RY 's Blog

iOS images in memory


Notes for wwdc2018/219 and wwdc2018/416

Why memory and CPU matter?

  • It is obvious that too much usage of CPU has negative impact on battery life and responsiveness.
  • But, if you application consumes too much memory, that causes more CPU utilization, which have negative effects on battery life and performance.

Basic Concepts


Buffer is contiguous region of memory.
It is often viewed as sequence of elements of the same sizes, usually of the same internal construction.


Image Buffers

One kind of the important buffers is the Image Buffer, which holds the in-memory representation of some image.

Each element in image buffers describes the color and the transparency of single pixel in our image. Constantly, the buffer size is proportional to image size. For example, in the image with sRBG format, each 32 bits describes the color and transparency of a single pixel. The buffer size = 4 byte x image_width x image_height


Frame buffer

The frame buffer is what holds the actual rendered output of your application.

As your application updates its view hierarchy UIKit will render the application’s window and all of its subviews into the frame buffer. And that frame buffer provides per pixel color information that the display hardware will read in order to illuminate the pixels on the display.

Related resource: The View Drawing Cycle

The pipeline is like this:

Data Buffer

a data buffer is just a buffer that contains a sequence of bytes.

If we’ve downloaded images from the network or we’ve loaded them from disk. A data buffer that contains an image file, typically, begins with some metadata describing the size of the image that’s stored in that data buffer.


  • Store contents of an image file in memory. The size is the same as that in the image file in the disk.
  • Metadata describing dimensions of image
  • Image itself encoded as JPEG, PNG, or other (usually compressed) form
  • Bytes do notdirectly describe pixels

The Pipeline in Action


Consequences of Excessive Memory Usage

  • Increased fragmentation.
    • fragment : The large allocation that is in your application’s address space could force other related content apart from content that it wants to reference.
  • Poor locality of reference
  • System starts compressing memory Process termination

    • Eventually, if your application starts accumulating a lot of memory usage the operating system will step in and start transparently compressing the content of physical memory. Now, the CPU needs to be involved in this operation so in addition to any CPU usage in your own application. You could be increasing global CPU usage that you have no control over. Eventually, your application could start consuming so much physical memory that the OS needs to start terminating processes. And it’ll start with background processes of low priority.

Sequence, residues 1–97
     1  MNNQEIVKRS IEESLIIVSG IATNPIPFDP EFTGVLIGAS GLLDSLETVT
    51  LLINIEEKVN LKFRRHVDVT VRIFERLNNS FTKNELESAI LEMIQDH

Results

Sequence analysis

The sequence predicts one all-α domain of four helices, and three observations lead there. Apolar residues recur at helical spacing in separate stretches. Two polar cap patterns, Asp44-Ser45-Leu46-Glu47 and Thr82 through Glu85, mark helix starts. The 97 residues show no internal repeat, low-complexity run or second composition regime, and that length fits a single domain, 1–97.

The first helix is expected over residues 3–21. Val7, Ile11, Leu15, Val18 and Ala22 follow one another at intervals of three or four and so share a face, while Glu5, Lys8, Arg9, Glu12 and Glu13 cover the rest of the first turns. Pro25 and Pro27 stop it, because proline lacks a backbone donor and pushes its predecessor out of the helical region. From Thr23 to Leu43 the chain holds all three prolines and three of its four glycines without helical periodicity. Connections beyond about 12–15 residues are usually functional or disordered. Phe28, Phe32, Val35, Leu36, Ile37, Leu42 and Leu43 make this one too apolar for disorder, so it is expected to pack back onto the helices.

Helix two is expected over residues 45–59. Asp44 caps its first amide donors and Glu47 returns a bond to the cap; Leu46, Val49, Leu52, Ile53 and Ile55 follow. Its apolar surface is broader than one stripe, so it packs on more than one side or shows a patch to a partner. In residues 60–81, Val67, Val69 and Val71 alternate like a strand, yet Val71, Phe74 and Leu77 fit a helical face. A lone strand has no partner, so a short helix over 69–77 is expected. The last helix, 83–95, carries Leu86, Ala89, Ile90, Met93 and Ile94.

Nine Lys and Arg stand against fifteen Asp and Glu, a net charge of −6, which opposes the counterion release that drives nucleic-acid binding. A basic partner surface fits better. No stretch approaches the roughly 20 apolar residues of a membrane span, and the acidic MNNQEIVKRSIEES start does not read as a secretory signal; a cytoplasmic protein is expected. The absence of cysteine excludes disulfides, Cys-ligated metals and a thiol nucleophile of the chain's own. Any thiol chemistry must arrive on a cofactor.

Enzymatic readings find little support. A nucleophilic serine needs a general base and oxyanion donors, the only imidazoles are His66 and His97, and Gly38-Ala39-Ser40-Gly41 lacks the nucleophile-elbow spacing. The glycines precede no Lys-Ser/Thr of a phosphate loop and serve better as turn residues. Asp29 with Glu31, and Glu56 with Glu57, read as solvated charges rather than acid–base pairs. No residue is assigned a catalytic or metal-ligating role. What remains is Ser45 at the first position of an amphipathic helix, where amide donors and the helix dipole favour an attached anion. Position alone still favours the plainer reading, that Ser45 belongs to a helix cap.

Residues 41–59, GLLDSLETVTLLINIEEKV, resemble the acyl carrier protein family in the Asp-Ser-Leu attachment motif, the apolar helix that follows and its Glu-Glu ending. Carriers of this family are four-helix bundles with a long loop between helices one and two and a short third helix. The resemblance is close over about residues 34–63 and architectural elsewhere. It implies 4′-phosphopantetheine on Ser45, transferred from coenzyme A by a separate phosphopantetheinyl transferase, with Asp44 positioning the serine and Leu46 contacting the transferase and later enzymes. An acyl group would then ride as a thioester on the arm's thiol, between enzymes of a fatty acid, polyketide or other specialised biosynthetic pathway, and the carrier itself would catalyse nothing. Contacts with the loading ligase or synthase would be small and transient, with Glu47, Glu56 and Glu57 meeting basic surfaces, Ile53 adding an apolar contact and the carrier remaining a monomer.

• You app may be terminated by the system

  • Cause CPU peak, and then has negative impact on battery life and responsiveness.


Decoding is an operation that will convert the JPEG or PNG or other encoded image data into per pixel image information.

  • CPU-intensive process

  • The memory used for the image buffer is proportional to original image size, not view size.

  • There are persistent large memory allocation in decoding.
  • The image buffer is retained for repeat rendering by UIImage.

After decoding, UIImage will hang onto that image buffer, so that it only does that work once. Consequently, your application, for every image that gets decoded, could have a persistent and large memory allocation hanging out.

The memory use of an image using sRGB space

Memory use is related to the dimensions of the images, not the file size.

Take the following image as an instance, its file size is 590KB, with dimension 2048 x 1536 pixel.

4 byetes for each pixel in RGBA

By this article, each pixel in sRGB image needs 32bit, 4 bytes, in memory when it’s decoded. Because in sRGB, there are Red, Green, Blue 3 channels and Alpha. The range of each channel value is from 0 to 255, which needs 8 bits to represent the value.

 A   R   G   B   A   R   G   B   A   R   G   B  
| pixel 0 | pixel 1 | pixel 2
0 233 2 100 4 155 255 7 8 9 10 11

More memory usage when decoding a image

A image have load -> decode -> render these 3 phases.


We only need 590KB to load a image, while we need
2048 pixels x 1536 pixels x 4 bytes per pixel = 10MB when decoding

Image Rendering Pipeline

  • UIImage is responsible for loading image content. Usually, it is bigger than the ImageView that is going to display it.
  • UIImageView is responsible for displaying the image. The image which it is going to display will be shrink down to fit its size.


So, we can use technique, called Downsampling, to downsample the images to the size that they're going to be displayed. Rather than having these large allocations hanging around, we’re reducing our memory usage.


// Downsampling large images for display at smaller size
func downsample(imageAt imageURL: URL, to pointSize: CGSize, scale: CGFloat) -> UIImage {
// ShouldCache flag tells Core Graphics framework that we're just creating an object to
// represent the infomation stored in the file at this URL
let imageSourceOptions = [kCGImageSourceShouldCache: false] as CFDictionary
let imageSource = CGImageSourceCreateWithURL(imageURL as CFURL, imageSourceOptions)!
let maxDimensionInPixels = max(pointSize.width, pointSize.height) * scale
let downsampleOptions =
// Ask the Core Graphics to create the decoded image buffer for me when calling it to create the thumbnail
[kCGImageSourceCreateThumbnailFromImageAlways: true,
kCGImageSourceShouldCacheImmediately: true,
// Should include kCGImageSourceCreateThumbnailWithTransform: true in the options dictionary. Otherwise, the image result will appear rotated when an image is taken from camera in the portrait orientation.